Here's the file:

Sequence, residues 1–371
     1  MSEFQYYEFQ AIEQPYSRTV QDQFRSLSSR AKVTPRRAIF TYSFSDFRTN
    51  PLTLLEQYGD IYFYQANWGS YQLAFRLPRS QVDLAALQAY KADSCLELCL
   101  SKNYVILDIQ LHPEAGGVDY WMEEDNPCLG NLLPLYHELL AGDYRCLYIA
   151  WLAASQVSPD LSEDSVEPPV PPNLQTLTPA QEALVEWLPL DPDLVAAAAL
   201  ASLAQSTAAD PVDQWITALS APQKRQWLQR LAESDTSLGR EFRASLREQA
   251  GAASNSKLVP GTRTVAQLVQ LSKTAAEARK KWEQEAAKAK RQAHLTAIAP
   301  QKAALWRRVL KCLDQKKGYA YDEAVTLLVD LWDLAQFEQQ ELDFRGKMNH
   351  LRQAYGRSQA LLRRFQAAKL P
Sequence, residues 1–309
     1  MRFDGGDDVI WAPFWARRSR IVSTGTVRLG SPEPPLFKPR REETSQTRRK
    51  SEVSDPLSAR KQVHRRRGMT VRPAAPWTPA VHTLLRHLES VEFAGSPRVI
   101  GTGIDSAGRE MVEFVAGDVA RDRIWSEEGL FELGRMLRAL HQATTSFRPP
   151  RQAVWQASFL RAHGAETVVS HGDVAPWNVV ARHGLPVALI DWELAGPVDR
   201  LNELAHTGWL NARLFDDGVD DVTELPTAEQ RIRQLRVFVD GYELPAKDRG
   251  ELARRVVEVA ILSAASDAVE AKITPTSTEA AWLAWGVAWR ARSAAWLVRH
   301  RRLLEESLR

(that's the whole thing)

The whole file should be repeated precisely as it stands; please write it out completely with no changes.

Sequence, residues 1–371
     1  MSEFQYYEFQ AIEQPYSRTV QDQFRSLSSR AKVTPRRAIF TYSFSDFRTN
    51  PLTLLEQYGD IYFYQANWGS YQLAFRLPRS QVDLAALQAY KADSCLELCL
   101  SKNYVILDIQ LHPEAGGVDY WMEEDNPCLG NLLPLYHELL AGDYRCLYIA
   151  WLAASQVSPD LSEDSVEPPV PPNLQTLTPA QEALVEWLPL DPDLVAAAAL
   201  ASLAQSTAAD PVDQWITALS APQKRQWLQR LAESDTSLGR EFRASLREQA
   251  GAASNSKLVP GTRTVAQLVQ LSKTAAEARK KWEQEAAKAK RQAHLTAIAP
   301  QKAALWRRVL KCLDQKKGYA YDEAVTLLVD LWDLAQFEQQ ELDFRGKMNH
   351  LRQAYGRSQA LLRRFQAAKL P
Sequence, residues 1–309
     1  MRFDGGDDVI WAPFWARRSR IVSTGTVRLG SPEPPLFKPR REETSQTRRK
    51  SEVSDPLSAR KQVHRRRGMT VRPAAPWTPA VHTLLRHLES VEFAGSPRVI
   101  GTGIDSAGRE MVEFVAGDVA RDRIWSEEGL FELGRMLRAL HQATTSFRPP
   151  RQAVWQASFL RAHGAETVVS HGDVAPWNVV ARHGLPVALI DWELAGPVDR
   201  LNELAHTGWL NARLFDDGVD DVTELPTAEQ RIRQLRVFVD GYELPAKDRG
   251  ELARRVVEVA ILSAASDAVE AKITPTSTEA AWLAWGVAWR ARSAAWLVRH
   301  RRLLEESLR